We have shown that the degradation of Mms22 is essential for release from damage-induced cell cycle arrest. Next, we tested whether the prolonged G2/M arrest is also associated with impaired response to DNA damage. Using yeast strains tagged with fluorescent versions of three major components of the DNA DSB repair machinery: Mre11, Ddc2, Rad52, we conducted temporal analysis of focus formation following DNA damage (Figure 6D). Consistent with previous data [40] we show that Mre11 (a member of the MRX complex) is the earliest protein to form foci. Mre11 foci formation is followed by later recruitment of Ddc2 (the yeast orthologue of human ATR-interacting protein ATRIP) and the repair protein Rad52. We show (Figure 6D, left) that in wt cells, as Rad52 and Ddc2 were recruited, Mre11 foci disassembled. This disassembly was circumvented when cells were exposed to a proteasome inhibitor, and led to delayed and reduced focus formation of Rad52 (Figure 6D, middle). Remarkably, the specific degradation of Mms22 resulted in a clear disassembly of Mre11 foci and recovery of Rad52 foci (Figure 6D, right). Our results demonstrate that degradation of Mms22 is essential for the normal course of DNA DSB repair, and for the release from the cell cycle arrest induced by DNA damage.


We describe the first systematic screen of a recently released resource (still under development) consisting of Ts mutants of all essential yeast genes for which no Ts-allele had previously been isolated [19]. Among the 40 genes identified, 8 encoded proteasomal subunits. Genetic and biochemical analysis showed that CIN was associated with the failure of proteosomal subunits to localize to the nucleus, impaired kinetics of DSB repair, and failure to turnover the DNA repair protein Mms22 targeted for degradation by the proteasome.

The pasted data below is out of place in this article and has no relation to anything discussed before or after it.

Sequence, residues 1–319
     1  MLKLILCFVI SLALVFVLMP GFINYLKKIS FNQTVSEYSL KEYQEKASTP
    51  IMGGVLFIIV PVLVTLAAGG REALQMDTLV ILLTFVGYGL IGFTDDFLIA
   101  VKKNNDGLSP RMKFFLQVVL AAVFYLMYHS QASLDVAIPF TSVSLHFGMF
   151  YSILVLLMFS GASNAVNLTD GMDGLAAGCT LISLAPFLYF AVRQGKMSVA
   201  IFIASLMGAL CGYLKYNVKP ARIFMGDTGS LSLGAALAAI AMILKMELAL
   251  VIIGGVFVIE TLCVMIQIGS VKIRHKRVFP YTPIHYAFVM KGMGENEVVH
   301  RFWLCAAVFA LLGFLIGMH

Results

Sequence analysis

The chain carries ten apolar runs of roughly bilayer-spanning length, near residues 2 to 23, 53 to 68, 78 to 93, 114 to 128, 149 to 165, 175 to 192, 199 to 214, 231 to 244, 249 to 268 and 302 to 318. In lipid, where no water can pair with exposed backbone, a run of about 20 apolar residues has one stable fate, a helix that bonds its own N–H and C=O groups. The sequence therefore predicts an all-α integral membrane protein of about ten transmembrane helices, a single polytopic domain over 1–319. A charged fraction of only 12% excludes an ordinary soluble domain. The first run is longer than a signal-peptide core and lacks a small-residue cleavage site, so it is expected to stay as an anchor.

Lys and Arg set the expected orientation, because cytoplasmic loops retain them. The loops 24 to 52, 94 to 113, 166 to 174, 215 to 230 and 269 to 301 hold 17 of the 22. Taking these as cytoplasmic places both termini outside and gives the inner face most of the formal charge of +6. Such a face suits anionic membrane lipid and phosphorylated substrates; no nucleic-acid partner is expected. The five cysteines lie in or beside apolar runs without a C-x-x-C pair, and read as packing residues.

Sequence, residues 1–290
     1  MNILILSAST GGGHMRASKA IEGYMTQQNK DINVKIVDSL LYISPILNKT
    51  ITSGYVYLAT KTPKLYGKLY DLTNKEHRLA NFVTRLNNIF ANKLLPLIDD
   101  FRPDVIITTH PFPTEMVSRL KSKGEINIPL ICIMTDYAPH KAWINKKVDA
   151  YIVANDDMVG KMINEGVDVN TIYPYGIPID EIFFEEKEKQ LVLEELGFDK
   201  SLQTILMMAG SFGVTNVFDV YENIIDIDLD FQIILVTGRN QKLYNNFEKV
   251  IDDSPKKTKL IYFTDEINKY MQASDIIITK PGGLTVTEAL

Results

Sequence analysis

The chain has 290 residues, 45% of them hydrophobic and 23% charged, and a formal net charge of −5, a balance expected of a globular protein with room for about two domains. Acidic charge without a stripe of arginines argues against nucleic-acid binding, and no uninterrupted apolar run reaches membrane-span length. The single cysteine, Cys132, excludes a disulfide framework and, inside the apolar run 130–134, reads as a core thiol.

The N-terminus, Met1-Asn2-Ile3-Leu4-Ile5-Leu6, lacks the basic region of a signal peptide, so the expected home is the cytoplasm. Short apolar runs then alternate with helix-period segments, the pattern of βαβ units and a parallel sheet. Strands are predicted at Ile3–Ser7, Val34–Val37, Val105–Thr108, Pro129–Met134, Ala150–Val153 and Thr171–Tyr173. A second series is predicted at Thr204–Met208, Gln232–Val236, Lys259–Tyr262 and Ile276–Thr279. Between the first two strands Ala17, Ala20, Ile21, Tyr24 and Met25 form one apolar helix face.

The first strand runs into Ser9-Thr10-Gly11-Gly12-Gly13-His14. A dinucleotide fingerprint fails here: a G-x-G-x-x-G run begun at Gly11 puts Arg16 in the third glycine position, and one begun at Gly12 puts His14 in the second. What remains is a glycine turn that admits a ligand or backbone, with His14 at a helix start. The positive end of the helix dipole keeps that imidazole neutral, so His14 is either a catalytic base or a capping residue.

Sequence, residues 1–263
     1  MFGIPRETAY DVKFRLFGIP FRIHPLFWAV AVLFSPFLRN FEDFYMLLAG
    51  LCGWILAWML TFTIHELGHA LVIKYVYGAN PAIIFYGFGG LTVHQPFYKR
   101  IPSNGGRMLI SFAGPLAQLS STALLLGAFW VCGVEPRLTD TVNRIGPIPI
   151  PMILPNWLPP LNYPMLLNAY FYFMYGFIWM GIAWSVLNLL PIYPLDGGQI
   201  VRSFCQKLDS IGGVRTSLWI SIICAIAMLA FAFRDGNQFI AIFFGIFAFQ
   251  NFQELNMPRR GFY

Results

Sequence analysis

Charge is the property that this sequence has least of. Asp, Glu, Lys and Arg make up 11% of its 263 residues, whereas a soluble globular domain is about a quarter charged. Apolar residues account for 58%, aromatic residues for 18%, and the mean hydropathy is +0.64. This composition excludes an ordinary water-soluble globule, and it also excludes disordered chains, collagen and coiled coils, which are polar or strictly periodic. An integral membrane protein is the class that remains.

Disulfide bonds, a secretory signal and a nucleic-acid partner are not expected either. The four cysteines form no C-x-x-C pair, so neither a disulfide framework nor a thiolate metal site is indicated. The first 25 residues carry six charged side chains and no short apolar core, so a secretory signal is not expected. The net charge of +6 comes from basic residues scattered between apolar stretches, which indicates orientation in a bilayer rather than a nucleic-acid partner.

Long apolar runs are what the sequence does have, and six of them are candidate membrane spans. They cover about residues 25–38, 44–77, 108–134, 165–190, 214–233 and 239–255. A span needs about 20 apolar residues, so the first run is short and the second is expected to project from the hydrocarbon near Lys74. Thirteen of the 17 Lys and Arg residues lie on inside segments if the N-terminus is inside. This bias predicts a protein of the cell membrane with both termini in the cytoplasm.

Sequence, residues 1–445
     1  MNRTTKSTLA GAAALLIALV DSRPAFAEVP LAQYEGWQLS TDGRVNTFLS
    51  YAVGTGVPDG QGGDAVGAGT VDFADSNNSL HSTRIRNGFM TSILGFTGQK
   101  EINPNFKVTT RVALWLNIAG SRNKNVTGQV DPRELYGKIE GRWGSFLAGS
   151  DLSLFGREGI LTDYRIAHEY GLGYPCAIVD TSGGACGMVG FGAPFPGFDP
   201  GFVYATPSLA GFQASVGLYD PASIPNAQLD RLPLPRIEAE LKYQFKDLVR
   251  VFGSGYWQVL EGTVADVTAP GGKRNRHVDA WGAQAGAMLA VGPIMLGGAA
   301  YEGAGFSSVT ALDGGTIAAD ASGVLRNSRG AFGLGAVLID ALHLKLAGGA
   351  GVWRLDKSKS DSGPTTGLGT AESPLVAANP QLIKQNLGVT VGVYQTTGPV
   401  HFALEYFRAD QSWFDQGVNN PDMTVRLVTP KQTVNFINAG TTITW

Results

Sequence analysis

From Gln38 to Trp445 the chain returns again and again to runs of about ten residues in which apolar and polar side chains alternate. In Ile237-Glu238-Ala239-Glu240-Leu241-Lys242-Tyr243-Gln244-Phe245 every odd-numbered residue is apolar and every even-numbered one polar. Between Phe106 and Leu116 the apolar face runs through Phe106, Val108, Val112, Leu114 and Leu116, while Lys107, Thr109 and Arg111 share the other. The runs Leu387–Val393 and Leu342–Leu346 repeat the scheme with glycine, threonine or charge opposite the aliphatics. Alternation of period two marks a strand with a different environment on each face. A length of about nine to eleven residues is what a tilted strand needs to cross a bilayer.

Recent studies have suggested a role for the proteasome in the repair of DSB in yeast [7], and mammalian cells [41],[42]. In our current work, we show that mutations in the proteasome subunits rpn5ΔC and pup2, which cause nuclear mislocalization, are associated with impaired DSB repair. All other proteasomal Ts mutants tested were sensitive to drugs inducing DSBs, implying that the proteolytic activity of the proteasome is required for DNA repair. By examining the kinetics of DSB repair in cells treated with the proteasome inhibitor MG132, we obtained evidence for delayed kinetics of repair (Figure 4C). We showed that both the disappearance of the break as well as the kinetics of formation of the gene conversion product were delayed in treated cells compared to untreated cells (Figure 4D). As MG132-treated cells arrest in G2/M similarly to untreated cells, it is evident that checkpoint regulation due to DSB is not impaired in the treated cells. The delay in DSB repair suggests that proteasome activity might be required for the regulation of the DNA repair machinery.

A potential role for regulation of DSB repair by the proteasome in mammalian cells is supported by a recent study showing that proteasome inhibition affected the choice of HR repair pathways [41]. A different study showed that proteasome-dependent protein degradation substantially contributes to HR but not NHEJ [42]. It is tempting to speculate that the proteasome accumulates at sites of DSB, and that its proteolytic activity is required to degrade one or more components of the DSB repair machinery, or DNA damage response/repair proteins.